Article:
It’s been a tough, tough year for Canadian tourism. According to some estimates, our tourism industry has already lost $52 billion in 2021 (compared to 2019). That’s a massive loss, especially since tourism generated around $104 billion in 2019.
Perhaps more shocking is how many Americans have stopped traveling to Canada. As compared to 2019, Canada lost around 97% of its overnight American tourists in the first half of 2021 from 6.8 million to only 178,000.
Losing over 50% of your revenue isn’t easy, nor is losing 97% of tourists from a country just south of the border. To combat these declining numbers, Destination Canada and Air Canada have teamed up to target a very specific group of Americans: frequent flyers.
New perks for American frequent flyers
To revamp Canadian tourism, Air Canada now offers status matching (through the Aeroplan loyalty program) to American frequent flyers from a number of airlines, including Alaska Airlines, American Airlines, Delta Air Lines, Hawaiian Airlines, JetBlue, and Southwest.
Recall that status matching allows elite passengers to keep their benefits (such as priority seating, early boarding, priority check-in, and complimentary checked bags), even if they don’t fly frequently with certain airlines.
For the record, Air Canada has never offered status matching for U.S. carriers. And it’s going big. American frequent flyers can have elite status on Air Canada for all of 2022, if they book and complete one round-trip flight to Canada (on Air Canada, of course) before January 15, 2022.
To apply, Americans just need to fill out a two-minute application through Aeroplan. Within three days, StatusMatch will let applicants know if their application was approved.
Will this really work?
It’s going to make some American travelers very happy, sure. But as far as reverse the downward trend of tourism in Canada, I’m skeptical that status matching will make a big difference.
For one, Canada is targeting a very small group of Americans. At most, Canada could attract 20,000 U.S. frequent flyers — and that’s only if all apply and fly to Canada before January 15, 2022. To make up the difference between 6.8 million and 178,000 tourists, we’d need each of those 20,000 frequent flyers to fly 331 times to Canada. I love Canada, but sorry, folks — that’s never going to happen.
What should Canada do?
If Canada really wants to attract more Americans, it’s going to have to make travel cheaper for the vast majority. Period. Americans are feeling more cash strapped than ever, and many simply don’t have the cash (or credit) to fund a vacation to, say, Ontario.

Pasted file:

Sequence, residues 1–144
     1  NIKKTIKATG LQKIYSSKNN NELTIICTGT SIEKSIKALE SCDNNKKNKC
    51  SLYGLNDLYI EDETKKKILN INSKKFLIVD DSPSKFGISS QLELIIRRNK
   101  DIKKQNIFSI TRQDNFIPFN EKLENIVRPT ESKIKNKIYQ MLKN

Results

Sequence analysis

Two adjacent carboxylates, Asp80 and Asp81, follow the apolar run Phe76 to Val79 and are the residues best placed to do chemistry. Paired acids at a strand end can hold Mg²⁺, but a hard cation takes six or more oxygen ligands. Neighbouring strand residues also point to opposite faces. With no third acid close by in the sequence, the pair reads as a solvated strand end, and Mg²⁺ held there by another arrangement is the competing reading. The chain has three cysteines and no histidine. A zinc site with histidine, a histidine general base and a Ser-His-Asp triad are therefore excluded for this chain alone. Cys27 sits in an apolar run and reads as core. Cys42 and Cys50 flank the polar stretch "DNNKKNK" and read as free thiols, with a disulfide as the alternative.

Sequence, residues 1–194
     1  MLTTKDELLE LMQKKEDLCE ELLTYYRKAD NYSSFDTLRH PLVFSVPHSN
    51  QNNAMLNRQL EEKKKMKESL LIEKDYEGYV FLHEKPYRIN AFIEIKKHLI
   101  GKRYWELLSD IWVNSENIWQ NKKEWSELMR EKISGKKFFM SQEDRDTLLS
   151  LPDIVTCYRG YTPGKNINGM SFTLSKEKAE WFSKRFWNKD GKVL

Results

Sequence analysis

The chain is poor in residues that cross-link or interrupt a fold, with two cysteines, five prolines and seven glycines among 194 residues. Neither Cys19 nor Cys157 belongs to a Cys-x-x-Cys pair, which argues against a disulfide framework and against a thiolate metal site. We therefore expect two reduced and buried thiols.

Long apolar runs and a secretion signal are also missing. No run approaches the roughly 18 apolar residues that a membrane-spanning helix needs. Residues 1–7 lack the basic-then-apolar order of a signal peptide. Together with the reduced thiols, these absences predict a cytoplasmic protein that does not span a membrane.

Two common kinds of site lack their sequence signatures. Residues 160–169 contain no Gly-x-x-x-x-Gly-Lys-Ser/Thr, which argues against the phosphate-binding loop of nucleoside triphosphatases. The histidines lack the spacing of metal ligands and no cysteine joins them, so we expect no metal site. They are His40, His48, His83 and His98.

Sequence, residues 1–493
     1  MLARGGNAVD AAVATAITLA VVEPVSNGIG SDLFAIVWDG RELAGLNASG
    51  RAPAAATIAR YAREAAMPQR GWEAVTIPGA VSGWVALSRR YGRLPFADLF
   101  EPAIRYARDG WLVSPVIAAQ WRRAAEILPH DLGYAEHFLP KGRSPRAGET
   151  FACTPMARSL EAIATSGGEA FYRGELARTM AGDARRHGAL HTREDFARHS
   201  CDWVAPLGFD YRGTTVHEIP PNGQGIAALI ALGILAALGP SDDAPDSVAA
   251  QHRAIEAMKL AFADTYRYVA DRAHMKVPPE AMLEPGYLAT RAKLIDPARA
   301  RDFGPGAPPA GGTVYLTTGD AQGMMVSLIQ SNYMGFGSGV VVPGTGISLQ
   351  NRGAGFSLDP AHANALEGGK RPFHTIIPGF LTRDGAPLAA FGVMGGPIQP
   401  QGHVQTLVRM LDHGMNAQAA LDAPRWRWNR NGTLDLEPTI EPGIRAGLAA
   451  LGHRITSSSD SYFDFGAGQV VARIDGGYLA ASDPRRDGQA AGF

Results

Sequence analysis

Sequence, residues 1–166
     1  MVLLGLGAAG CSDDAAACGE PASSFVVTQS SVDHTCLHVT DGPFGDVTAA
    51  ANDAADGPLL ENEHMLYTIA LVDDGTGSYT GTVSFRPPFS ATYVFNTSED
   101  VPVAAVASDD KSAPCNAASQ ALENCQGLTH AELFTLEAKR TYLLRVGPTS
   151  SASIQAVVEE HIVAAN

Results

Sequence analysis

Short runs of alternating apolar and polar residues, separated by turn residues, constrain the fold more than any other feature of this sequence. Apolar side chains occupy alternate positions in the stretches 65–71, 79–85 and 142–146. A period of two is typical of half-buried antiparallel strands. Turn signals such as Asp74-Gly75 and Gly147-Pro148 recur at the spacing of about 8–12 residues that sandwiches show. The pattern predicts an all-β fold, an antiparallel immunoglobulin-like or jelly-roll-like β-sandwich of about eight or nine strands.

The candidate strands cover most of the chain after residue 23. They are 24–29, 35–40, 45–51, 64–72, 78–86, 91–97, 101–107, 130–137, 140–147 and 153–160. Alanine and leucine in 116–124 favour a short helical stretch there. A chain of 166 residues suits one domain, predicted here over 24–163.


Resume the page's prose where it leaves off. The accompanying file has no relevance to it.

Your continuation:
How can you make travel cheaper for Americans? Well, one solution comes to mind: reduce (at least temporarily) landing fees.
It’s no secret that Canadian airports have some the highest landing fees in the world. As a recap, a “landing fee” is simply what airlines pay, usually by weight of their aircraft, to land and dock at airport gates. Though airline companies themselves pay these fees, you’d better believe the higher the fees at specific airports, the more airlines charge passengers to fly there.
Part of the reason Canadian airports have high landing fees is that our airports aren’t exactly private corporations. In a model that’s totally unique to Canada, the government owns airports as well their property. Airport operators pay “rent” to the government, a cost that’s balanced with — you guessed it — higher landing fees.
In the past, landing fees didn’t kill sales, simply because, well, look at our airports. They’re spectacular. In fact, just this year, Vancouver International was named the best in the world, while Toronto Pearson took third for best airport in North America.
But if we’re going to attract more U.S. travelers, I think this is definitely one thing we can improve. Telling elite passengers they can have “priority boarding” on overnight flights may help some. But telling the United States, “Hey, we’re going to cut ticket costs by US$30 to encourage American travelers to visit our great cities,” now that’s something I’d pay attention to.